Education and Training Requirements

High School

Do you find the idea of managing a courtroom intriguing? If you think a career as a bailiff might be right for you, start preparing for it while you're still in school. Take political science, communications, computer science, psychology, and law-related high school courses. If you have the opportunity to earn certificates in emergency skills, such as CPR or triage, take advantage of it as you prepare for a career that is centered on security and safety. It wouldn't hurt to take a foreign language—especially Spanish—since you will interact with many people during the course of your workday who are not fluent in English.

Postsecondary Training

Many states require bailiffs to have training from police academies or from other programs approved by the local government's law enforcement training board. Smaller cities may substitute on-the-job training for police academy training. Since many courtroom bailiffs are assigned by sheriff 's offices, the education requirements for bailiffs are generally the same as for other law enforcement officers. In fact, a good course of action is to contact your local sheriff's department and find out what deputy sheriff training programs are available. When you have completed the program and secured a position in the sheriff's department, you will have an inside edge for moving into a bailiff job. Training usually involves class work, meeting physical requirements, and getting supervised hands-on experience. Although college education is usually not required, many junior or community colleges offer classes related to public safety or protective services careers. Courses such as criminal law, report writing and communications, police functions, and ethics in the justice system can help you learn the courts and this type of work.

Other Education or Training

The National Sheriffs' Association offers training, workshops, and seminars covering topics such as courthouse and courtroom security, transportation, and legal issues. Contact the association for more information. Military experience is considered superior preparation for becoming a bailiff.

Certification, Licensing, and Special Requirements

Certification or Licensing

Although most states do not require specific bailiff certification, certification as a peace officer or officer of the court is often required. States vary in their requirements; for example, requirements for bailiff certification in Missouri include completing a Peace Officer Standards and Training Program, being at least 21 years of age, being a U.S. citizen, and having no criminal history. Candidates who fulfill such requirements and pass the Missouri Peace Officer licensing exam are then certified peace officers and can work as bailiffs. Other states may require bailiffs to be licensed law enforcement officers, such as police officers or sheriff's deputies. Some employers, such as sheriff's departments, may require bailiffs to have firearms certification. Other employers may require bailiffs to have valid driver's licenses for the state in which they work. Check with the law enforcement agency or your local courthouse to find out the specific requirements for your state.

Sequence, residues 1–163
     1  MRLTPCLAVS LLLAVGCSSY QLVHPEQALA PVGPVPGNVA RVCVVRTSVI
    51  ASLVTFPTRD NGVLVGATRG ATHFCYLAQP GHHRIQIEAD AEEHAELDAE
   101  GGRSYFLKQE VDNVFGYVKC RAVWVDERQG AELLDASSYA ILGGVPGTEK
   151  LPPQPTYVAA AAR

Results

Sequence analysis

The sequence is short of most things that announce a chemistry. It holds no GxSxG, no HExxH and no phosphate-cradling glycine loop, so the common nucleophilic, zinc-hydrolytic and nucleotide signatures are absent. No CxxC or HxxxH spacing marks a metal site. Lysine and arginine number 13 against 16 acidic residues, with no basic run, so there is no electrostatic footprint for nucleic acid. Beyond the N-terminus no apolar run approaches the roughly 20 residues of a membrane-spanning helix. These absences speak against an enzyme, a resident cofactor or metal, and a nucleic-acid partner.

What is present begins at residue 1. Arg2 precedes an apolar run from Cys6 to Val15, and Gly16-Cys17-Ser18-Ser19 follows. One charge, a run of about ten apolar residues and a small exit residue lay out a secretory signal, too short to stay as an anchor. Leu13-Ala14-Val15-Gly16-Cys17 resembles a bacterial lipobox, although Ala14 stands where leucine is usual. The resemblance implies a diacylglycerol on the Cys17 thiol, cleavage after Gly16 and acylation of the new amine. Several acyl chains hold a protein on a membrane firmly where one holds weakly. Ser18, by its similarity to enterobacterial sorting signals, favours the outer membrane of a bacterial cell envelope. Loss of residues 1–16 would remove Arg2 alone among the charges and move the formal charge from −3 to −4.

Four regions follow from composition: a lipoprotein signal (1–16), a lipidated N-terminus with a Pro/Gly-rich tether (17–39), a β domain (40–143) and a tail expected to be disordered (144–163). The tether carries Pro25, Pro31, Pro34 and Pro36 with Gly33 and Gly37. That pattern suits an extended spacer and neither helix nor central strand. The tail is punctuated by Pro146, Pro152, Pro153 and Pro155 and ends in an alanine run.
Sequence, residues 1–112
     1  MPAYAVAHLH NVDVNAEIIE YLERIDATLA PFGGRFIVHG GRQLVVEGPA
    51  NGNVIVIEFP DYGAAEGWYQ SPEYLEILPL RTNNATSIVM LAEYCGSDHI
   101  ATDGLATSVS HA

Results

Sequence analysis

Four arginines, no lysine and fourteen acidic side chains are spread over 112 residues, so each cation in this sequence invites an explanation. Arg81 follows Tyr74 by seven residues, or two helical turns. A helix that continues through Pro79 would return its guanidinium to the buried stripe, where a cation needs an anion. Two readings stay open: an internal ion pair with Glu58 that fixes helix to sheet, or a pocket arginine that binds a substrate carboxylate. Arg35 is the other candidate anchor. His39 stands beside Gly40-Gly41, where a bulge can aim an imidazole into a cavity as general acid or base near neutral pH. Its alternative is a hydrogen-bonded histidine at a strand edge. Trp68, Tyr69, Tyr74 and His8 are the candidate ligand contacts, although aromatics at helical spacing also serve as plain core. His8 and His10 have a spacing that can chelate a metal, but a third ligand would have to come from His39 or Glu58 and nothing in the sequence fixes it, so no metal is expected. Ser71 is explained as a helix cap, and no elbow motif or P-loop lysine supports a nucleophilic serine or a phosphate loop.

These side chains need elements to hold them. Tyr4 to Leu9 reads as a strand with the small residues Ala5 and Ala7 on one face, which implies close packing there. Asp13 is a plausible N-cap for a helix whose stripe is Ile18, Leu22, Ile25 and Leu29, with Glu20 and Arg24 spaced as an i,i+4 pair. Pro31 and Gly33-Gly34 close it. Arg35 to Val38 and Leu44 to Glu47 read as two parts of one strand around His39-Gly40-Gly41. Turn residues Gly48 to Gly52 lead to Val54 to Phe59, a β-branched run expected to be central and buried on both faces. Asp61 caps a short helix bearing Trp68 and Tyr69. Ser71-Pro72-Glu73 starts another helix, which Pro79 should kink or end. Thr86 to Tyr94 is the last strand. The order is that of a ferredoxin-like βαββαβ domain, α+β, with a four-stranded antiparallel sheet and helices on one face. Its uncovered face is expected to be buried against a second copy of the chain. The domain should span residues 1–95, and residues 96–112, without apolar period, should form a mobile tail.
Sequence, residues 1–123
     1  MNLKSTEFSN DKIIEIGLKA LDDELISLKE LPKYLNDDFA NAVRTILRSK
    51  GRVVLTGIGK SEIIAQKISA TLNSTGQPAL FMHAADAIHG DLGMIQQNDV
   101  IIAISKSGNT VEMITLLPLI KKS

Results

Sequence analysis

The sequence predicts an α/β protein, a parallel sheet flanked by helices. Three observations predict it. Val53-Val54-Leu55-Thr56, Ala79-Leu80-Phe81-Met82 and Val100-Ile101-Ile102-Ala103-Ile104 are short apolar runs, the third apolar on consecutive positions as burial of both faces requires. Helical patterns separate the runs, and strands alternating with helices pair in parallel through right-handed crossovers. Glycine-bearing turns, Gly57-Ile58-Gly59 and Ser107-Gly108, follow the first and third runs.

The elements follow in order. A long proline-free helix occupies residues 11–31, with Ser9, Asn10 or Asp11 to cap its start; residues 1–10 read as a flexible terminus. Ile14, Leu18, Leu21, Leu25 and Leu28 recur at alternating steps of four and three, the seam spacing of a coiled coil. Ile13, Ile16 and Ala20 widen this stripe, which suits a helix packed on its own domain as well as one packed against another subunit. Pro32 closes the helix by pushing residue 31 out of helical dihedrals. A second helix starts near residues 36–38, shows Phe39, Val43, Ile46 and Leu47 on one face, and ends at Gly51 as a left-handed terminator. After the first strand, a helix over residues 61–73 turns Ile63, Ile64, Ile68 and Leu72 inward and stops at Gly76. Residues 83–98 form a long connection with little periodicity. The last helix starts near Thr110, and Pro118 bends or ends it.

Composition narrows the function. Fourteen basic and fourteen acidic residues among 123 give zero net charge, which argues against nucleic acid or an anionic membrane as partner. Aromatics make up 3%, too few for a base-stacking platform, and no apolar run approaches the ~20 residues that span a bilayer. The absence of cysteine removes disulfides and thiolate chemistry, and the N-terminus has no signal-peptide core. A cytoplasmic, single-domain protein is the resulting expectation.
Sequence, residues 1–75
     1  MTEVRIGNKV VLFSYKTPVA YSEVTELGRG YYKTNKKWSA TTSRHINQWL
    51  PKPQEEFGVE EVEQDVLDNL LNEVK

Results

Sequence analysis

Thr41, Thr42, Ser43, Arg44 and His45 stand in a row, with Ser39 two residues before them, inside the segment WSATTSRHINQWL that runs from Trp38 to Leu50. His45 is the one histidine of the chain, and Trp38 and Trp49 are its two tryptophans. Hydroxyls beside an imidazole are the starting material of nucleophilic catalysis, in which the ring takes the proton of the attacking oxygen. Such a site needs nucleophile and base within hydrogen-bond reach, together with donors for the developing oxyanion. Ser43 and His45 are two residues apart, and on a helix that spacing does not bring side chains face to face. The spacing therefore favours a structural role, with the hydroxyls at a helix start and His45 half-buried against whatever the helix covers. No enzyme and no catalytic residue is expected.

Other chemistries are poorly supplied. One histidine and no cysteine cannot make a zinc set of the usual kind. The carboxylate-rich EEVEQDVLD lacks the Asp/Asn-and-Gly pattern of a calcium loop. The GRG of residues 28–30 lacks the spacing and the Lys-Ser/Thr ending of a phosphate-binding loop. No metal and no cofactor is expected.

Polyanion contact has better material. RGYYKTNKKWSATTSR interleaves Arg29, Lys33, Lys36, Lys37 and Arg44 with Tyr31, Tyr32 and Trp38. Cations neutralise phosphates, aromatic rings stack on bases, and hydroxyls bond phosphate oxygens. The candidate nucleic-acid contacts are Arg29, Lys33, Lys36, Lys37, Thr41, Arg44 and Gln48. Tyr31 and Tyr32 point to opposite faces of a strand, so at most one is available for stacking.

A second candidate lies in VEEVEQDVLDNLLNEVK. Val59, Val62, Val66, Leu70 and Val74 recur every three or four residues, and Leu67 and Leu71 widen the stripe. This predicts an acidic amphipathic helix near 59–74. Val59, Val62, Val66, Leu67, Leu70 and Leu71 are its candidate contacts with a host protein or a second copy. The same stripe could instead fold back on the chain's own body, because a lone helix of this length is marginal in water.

Other Requirements

Bailiffs must pass physically demanding tests to be trained as law enforcement officers as well as drug tests.

Experience, Skills, and Personality Traits

Any prior experience in law enforcement explorer programs in high school and college or in law enforcement jobs will be useful for aspiring bailiffs.

Bailiffs interact with many different kinds of people. From the judge, to the inmate, to the jury member, the bailiff must communicate effectively to ensure the organized flow of information in the courtroom. Bailiffs must be good listeners as well, because they must respond to requests for information and react to disturbances and problems. To be a successful bailiff, you must be able to speak clearly, respond quickly, concentrate on the task at hand, and be aware of potential trouble. In addition, an effective bailiff must have good judgment, excellent negotiating skills, high self-discipline, and superior physical strength.